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THE TOP 40 3PLs 2009

A survey of North American 3PLs in August show 3PLs’ gross revenues were down over 12 percent. Seventy-two percent of the companies said gross revenues were down for the year. Twenty-four percent said their revenues were up. Net revenues were reported as down by 5.9 percent. Here’s an overview of 2009 and where 3PLs are forecast to develop in the future.

By Richard Armstrong

3PL MARKET SEGMENTS VARY SIGNIFICANTLY. Value-added warehousing (contract logistics) revenues declined by 2.8 percent. Indeed, some well-known VAWD 3PLs are reporting increased revenues for the year. GENCO’s business is up over 10 percent for the year. Chicago-based DSC is up seven percent. Companies with a heavy VAWD presence in automotive logistics have fared worse than most VAWDs.

3PL Survey Revenue 
Estimated Results – 2009 
Vertical Industry March August 
Automotive -37.5% -18.5% 
Consumer Goods -7.3% -3.7% 
Healthcare -2.3% -2.0% 
Industrial -7.0% -6.3% 
Hi-Tech -6.7% -7.2% 
Retail -8.1% -11.3% 
Food and Beverage -.1% -1.2%

Companies in the transportation management segments have uniformly seen reductions in revenue. Domestic transportation managers (including freight brokers) reported gross revenues down by nearly 13 percent. International transportation management (including freight forwarding) is down 16 percent. Especially hard hit has been air freight where volumes are running 20 to 25 percent less. Bucking the trend has been C.H. Robinson. CHR is expected to have a net revenue increase of three percent this year with a slight increase in net income. CHR dominates North American domestic transportation management with more than 20 percent of total revenue and 40 percent of EBIT.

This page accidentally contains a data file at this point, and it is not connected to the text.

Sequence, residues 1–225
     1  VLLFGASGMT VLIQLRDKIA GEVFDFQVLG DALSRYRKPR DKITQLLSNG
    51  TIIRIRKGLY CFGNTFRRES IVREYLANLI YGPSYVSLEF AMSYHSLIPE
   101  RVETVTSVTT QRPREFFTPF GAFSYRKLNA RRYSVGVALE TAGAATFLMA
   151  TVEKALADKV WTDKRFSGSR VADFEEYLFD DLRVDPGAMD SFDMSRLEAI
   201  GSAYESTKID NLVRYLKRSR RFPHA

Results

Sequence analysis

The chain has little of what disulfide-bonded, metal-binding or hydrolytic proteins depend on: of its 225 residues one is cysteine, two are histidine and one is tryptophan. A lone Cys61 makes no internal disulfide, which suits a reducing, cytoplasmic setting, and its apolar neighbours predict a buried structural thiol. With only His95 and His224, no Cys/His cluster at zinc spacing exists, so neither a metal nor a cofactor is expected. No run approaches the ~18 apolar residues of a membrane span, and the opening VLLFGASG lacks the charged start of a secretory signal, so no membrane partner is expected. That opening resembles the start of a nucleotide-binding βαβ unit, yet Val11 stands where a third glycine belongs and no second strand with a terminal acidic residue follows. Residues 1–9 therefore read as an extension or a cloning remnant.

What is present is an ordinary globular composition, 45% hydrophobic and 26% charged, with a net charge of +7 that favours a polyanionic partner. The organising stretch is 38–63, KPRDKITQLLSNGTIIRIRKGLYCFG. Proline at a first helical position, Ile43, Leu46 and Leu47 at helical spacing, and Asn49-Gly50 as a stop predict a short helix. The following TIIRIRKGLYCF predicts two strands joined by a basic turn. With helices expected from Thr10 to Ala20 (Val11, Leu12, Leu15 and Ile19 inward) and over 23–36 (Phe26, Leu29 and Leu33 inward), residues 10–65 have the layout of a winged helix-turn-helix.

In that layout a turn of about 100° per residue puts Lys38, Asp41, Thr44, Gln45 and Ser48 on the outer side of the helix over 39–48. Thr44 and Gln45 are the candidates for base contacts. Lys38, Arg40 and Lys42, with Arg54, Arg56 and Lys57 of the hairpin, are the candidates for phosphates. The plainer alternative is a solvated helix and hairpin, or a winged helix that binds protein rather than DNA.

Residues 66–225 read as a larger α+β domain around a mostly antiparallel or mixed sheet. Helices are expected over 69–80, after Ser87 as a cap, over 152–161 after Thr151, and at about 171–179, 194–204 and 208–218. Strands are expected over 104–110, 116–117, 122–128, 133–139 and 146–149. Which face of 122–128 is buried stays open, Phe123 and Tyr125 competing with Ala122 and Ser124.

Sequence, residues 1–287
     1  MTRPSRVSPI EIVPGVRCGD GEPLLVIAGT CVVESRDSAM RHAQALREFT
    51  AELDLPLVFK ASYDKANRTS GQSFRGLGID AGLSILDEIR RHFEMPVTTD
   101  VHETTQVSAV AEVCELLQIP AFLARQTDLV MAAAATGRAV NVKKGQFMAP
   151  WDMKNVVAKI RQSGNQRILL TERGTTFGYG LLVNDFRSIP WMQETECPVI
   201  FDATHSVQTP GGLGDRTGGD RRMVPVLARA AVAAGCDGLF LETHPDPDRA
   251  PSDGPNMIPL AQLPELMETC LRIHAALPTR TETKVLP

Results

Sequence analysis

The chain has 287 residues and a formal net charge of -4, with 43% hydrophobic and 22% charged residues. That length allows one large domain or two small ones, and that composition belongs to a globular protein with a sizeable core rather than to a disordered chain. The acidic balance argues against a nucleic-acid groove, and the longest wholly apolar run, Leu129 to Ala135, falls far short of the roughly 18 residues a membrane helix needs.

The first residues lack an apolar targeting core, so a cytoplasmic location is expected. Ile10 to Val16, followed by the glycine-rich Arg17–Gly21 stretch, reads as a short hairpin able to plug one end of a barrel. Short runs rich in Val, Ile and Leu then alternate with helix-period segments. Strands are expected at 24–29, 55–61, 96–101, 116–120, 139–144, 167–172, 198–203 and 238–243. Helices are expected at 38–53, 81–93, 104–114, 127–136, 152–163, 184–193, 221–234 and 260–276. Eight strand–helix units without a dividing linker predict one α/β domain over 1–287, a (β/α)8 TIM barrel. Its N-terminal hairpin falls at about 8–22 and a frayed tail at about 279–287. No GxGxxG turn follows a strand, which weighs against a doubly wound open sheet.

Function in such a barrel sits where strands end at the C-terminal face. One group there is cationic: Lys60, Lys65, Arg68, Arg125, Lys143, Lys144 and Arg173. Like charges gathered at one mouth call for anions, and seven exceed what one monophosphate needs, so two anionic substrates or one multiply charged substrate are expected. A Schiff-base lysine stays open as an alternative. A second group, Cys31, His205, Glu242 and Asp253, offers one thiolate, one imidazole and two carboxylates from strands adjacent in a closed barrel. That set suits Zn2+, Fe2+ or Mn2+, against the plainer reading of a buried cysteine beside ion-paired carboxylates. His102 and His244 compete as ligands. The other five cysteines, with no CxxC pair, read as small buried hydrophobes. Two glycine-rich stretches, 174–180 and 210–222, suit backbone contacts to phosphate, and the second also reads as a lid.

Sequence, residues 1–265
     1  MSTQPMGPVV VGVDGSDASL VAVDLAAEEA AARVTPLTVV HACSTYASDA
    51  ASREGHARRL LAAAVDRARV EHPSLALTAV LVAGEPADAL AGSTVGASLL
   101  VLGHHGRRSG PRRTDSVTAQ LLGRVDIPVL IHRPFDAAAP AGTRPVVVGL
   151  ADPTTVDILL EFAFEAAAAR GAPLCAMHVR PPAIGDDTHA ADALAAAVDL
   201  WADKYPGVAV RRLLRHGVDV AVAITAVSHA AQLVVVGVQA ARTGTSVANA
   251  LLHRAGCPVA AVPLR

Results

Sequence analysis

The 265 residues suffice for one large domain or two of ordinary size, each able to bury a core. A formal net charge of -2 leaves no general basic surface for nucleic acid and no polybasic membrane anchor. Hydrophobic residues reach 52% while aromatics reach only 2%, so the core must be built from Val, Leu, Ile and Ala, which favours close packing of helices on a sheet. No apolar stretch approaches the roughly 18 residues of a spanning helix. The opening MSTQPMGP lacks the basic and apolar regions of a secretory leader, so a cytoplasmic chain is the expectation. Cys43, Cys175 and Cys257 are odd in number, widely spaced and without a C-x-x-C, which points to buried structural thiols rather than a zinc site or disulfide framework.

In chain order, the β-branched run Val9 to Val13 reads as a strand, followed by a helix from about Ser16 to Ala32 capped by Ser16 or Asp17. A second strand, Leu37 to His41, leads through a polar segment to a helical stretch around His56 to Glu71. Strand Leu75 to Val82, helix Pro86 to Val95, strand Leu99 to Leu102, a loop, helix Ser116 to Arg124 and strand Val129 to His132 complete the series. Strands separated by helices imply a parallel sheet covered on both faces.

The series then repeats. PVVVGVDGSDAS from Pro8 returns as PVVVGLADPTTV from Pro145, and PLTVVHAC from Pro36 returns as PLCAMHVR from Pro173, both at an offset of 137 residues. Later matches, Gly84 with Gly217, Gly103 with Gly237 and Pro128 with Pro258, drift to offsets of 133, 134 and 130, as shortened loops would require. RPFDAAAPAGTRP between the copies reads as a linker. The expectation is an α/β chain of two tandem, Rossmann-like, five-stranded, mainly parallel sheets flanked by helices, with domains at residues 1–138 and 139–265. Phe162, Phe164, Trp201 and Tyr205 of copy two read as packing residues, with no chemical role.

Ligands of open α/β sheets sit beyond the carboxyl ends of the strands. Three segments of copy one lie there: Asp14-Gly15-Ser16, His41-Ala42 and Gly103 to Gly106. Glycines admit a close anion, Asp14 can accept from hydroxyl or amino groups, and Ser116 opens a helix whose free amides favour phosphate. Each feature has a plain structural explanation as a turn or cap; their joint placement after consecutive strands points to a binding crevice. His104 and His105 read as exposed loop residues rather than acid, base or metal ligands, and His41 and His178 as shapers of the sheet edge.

Expeditors International, the leading freight forwarder in North America, reported gross revenues down 35 percent for the first six months of 2009. Net revenues were down 14 percent and net income was down by 18 percent. Peter Rose, Chairman of Expeditors has made a point of saying that no employees had been laid off. Salaries were down by just over 10 percent. Many top layer Expeditors’ personnel have compensation packages heavily loaded to bonuses. Much of the salary reduction has come from a drop in those bonuses.

Dedicated contract carriage has dropped by 15 percent for 2009 compared to 2008. Forecasts for industry leader J.B. Hunt are for 2009 DCC revenues to be down 17 percent.

Results by industry verticals indicate improvement in the second quarter over the first quarter. Automotive logistics improved to negative 18.5 percent in Q2 from negative 37.5 percent in the first quarter. These numbers reflect the collapse of GM and Chrysler as well as the reduced sales of other automakers. Michigan and Ontario and several of their “old line” 3PL operations have been hit particularly hard.

Automotive vertical leaders Penske Logistics and Ryder SCS both experienced large drops in revenue. Ryder SCS’s gross and net revenues were down by over 25 percent for the first half of the year.